I have come across 'Wheelers Delayed Choice Experiment' which tries to prove that you can work out which Slit a Photon Goes Through in the Double Slit Experiment. But I thought it was impossible to know which Slit a Photon goes through? - So my question is, Why is Wheelers Delayed Choice Experiment Incorrect?
It's not, rather your assumption that it's always impossible to know which slit a photon went through is incorrect. It's only impossible to know which slit it went through in an experiment where you get a double-slit interference pattern--if you wish you can set up an experiment to find out which slit the photon goes through, but the result will then be no interference between the two slits (see this page for a good discussion of both types of observation). This is the idea of 'complementarity' between which-path information and interference, which was formalized by Wootters and Zurek in a 1979 paper as discussed here (their mathematical formulation actually allowed for degrees of which-path information and degrees of interference, with greater which path information corresponding to less interference and vice versa, but in Wheeler's delayed-choice experiment the only two options possible given the experimental setup are either perfect knowledge of the path with zero interference, or zero knowledge of the path with perfect interference).
A version of Wheeler's delayed choice experiment is discussed here. The basic idea is that after the photon has passed through the slit but before it has reached your location, you can make a choice: option A is to place a screen at your location, in which case the probability of detection at different points on the screen will show a wave-like interference pattern and you won't know which slit the photon went through, whereas option B is to remove the screen and instead aim telescopes at each slit, in which case with a sufficiently sensitive detector you could measure the photon coming through one telescope but not the other. In the latter case you'll find out which slit the photon went through, but there won't be any interference pattern to observe, the experiment will give results consistent with the photon having traveled in a particle-like manner. As it says on the site:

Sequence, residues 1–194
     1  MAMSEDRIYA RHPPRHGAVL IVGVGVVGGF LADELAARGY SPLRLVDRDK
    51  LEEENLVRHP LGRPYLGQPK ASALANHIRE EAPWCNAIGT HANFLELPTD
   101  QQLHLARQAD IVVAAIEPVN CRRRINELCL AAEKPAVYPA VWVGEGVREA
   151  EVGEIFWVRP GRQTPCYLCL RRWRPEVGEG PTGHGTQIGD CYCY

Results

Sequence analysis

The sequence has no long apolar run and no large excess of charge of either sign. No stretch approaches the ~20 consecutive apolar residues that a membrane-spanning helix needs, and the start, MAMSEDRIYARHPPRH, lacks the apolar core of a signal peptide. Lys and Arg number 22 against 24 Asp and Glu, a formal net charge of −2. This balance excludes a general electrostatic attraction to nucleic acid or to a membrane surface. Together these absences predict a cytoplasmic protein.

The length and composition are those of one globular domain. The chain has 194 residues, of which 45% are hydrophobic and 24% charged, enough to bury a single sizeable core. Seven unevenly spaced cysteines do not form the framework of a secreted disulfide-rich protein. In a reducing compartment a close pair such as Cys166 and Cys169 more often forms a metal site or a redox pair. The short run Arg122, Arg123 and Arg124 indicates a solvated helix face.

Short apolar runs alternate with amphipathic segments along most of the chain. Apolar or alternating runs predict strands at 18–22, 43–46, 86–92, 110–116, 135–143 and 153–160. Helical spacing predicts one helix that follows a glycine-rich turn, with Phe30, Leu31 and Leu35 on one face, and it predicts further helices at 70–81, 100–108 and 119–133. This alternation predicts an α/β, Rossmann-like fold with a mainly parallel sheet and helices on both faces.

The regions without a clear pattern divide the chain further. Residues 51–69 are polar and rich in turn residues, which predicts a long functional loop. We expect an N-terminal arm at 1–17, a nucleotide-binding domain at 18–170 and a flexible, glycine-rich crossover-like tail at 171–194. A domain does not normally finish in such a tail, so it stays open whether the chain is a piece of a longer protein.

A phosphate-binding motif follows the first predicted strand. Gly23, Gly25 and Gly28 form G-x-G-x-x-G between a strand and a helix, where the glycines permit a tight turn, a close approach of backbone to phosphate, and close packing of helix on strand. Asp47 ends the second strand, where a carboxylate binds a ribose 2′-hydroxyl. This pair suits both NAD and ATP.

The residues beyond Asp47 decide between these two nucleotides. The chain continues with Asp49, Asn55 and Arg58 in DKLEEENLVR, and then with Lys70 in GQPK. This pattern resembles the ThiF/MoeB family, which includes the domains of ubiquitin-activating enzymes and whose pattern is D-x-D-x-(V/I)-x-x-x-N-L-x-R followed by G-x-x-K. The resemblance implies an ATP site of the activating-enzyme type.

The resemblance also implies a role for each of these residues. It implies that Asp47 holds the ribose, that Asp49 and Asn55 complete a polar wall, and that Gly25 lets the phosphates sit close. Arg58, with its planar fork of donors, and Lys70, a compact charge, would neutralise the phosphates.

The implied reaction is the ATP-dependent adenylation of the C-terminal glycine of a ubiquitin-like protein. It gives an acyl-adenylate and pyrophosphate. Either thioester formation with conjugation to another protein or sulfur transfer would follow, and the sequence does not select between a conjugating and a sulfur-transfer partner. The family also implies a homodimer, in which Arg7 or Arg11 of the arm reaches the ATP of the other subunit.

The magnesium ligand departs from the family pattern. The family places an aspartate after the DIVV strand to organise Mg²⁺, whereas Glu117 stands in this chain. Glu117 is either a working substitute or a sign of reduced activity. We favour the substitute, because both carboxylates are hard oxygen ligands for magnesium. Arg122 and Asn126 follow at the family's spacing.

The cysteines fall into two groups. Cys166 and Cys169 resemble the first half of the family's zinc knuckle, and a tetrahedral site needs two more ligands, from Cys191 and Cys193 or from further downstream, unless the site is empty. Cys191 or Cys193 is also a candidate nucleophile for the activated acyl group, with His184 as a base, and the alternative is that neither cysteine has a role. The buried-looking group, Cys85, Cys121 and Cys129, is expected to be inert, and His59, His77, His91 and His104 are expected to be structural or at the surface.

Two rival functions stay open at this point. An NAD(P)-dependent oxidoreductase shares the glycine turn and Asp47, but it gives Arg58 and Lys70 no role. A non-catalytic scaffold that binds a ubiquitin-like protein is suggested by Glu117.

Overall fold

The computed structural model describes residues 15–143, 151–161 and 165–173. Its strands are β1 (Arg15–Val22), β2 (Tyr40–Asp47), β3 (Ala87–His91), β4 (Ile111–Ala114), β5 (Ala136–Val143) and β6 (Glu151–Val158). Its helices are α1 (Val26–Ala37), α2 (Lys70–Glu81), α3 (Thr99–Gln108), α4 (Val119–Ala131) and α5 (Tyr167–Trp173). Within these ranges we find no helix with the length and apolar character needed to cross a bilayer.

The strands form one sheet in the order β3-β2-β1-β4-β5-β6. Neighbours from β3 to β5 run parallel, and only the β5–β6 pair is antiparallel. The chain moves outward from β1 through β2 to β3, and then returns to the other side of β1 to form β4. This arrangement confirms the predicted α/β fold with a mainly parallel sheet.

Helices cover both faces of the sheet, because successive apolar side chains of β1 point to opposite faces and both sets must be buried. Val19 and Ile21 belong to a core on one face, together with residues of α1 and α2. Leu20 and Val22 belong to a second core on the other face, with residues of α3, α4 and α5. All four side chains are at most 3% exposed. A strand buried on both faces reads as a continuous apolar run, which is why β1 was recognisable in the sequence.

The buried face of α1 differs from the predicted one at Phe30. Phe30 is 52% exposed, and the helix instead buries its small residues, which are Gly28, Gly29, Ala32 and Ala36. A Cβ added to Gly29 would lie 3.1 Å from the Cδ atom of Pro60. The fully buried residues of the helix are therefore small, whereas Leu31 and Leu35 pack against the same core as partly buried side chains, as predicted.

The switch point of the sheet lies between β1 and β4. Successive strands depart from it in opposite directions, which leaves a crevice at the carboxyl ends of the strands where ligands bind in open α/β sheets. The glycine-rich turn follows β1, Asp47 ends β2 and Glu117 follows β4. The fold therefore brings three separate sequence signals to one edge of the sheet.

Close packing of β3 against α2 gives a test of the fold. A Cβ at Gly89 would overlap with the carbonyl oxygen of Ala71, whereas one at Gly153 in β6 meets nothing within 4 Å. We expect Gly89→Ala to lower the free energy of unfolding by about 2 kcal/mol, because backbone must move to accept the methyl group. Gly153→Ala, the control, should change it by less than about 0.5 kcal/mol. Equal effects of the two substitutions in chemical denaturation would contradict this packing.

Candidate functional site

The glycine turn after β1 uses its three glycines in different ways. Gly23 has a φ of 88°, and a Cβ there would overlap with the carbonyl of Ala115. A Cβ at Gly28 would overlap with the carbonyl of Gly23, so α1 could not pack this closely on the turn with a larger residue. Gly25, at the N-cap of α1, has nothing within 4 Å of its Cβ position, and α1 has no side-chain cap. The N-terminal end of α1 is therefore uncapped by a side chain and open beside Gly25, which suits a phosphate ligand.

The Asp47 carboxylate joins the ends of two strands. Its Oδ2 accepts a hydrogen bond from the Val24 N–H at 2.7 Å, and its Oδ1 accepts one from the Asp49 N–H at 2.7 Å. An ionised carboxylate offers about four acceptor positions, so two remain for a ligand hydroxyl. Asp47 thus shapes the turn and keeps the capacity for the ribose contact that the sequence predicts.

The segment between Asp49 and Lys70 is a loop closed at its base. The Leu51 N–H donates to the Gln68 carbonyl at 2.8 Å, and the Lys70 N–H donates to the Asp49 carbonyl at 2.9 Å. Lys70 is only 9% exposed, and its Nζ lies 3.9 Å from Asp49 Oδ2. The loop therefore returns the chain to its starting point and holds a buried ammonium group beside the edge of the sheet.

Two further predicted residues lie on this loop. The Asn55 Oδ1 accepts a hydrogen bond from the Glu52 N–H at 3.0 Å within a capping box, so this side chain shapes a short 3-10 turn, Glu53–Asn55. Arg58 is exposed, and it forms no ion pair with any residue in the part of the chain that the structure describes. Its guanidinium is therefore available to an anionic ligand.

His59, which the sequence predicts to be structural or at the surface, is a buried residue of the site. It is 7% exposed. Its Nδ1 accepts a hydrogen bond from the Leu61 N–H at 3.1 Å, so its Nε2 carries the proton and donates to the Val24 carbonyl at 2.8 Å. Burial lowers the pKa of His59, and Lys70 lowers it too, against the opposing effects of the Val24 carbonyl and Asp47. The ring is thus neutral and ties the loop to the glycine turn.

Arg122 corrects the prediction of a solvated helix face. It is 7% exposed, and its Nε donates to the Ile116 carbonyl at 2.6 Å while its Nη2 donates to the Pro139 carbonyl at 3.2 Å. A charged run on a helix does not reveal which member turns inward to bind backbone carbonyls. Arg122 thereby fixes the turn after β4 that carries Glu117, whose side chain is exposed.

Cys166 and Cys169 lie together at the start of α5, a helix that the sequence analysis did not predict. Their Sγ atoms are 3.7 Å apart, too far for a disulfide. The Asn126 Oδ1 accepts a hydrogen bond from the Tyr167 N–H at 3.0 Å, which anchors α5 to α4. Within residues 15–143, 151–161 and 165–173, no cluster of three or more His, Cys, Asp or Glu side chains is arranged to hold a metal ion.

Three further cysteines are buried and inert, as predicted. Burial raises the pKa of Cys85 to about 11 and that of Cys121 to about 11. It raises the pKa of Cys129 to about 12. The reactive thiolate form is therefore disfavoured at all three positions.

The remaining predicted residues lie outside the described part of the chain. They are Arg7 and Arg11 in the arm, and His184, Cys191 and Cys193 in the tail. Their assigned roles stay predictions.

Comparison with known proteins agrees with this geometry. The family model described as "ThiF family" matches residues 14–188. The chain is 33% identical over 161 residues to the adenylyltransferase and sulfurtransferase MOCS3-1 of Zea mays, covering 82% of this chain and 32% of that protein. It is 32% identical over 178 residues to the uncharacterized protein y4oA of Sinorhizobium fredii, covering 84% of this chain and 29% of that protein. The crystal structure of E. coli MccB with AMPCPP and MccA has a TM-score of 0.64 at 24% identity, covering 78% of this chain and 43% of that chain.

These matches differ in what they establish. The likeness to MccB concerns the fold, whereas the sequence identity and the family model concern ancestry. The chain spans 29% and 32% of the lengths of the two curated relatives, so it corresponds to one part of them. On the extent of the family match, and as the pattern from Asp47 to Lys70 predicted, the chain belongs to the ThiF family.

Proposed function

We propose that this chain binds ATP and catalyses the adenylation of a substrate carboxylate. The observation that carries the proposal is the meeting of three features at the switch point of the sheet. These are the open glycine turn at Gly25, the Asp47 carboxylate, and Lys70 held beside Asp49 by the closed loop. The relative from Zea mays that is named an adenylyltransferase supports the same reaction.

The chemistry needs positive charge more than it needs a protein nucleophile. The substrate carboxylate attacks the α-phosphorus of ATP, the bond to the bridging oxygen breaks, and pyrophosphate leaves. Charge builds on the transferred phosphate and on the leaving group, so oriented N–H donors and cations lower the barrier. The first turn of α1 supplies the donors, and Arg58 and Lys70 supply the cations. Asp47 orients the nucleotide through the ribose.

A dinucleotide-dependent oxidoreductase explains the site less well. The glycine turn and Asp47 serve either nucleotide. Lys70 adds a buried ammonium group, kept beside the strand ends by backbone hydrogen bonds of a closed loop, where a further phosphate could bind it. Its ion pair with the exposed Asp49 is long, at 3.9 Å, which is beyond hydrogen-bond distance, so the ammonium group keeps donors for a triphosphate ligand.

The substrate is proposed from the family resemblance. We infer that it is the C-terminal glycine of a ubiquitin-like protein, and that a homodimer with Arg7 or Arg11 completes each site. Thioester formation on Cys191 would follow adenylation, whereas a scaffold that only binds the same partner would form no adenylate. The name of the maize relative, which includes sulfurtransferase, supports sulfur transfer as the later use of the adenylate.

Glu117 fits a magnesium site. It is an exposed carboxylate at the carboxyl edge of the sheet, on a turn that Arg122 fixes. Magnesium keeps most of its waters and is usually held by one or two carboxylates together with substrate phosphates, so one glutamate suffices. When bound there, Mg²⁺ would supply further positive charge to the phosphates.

Consider the difference in the experimental set up depending on our choice of detection. If we choose to leave the screen in place, we get a particle distribution consistent with the interference pattern that would be produced by two hypothetical symmetrical waves, each emanating from one of the slits. We might say (although we are extremely reluctant to say this) that the photon traveled as a wave from the point of origin, through both slits, and on to the screen.
On the other hand, if we choose to remove the screen, we get a particle distribution consistent with the clumping pattern that would be produced by particle motion from the point of origin through one slit or the other and to the left telescope or to the right telescope. After all, the particle "appeared" (we saw a flash) at one telescope or the other, rather than "appearing" at some other point along the length of the screen.
In summary, we have chosen whether to know which slit the particle went through, by choosing to use the telescopes or not, which are the instruments that would give us the information about which slit the particle went through. We have delayed this choice until a time after the particles "have gone through one slit or the other slit or both slits," so to speak. Yet, it seems paradoxically that our later choice of whether to obtain this information determines whether the particle passed through one slit or the other slit or both slits, so to speak. If you want to think of it this way (I don't recommend it), the particle exhibited after-the-fact wave-like behavior at the slits if you chose the screen; and it exhibited after-the-fact particle-like behavior at the slits if you chose the telescopes. Therefore, our delayed choice of how to measure the particle determines how the particle actually behaved at an earlier time.
I read about Wheelers choice experiment from Wikipedia, not from some article. There is no end to trials as that of Wheelers.
What is wrong with his attempt is that the photon is a WAVE. And as any wave, it takes both paths through the interferometer.
I saw in Wikipedia the statement
"since in the first case the photon is said to "decide" to travel as a particle and in the second case it is said to "decide" to travel as a wave, Wheeler wanted to know whether, experimentally, a time could be determined at which the photon made its "decision." "
All these are nonsenses. The photon makes no decision. It always travels as a wave, though, if we put detectors on the arms of the interferometer, the photon delivers its energy only to ONE of the detectors. WHY so? A tiny particle (called also quantum particle) has NON-LOCAL properties. The phenomenon of delivering all the energy only to one of the detectors, is NON-LOCAL.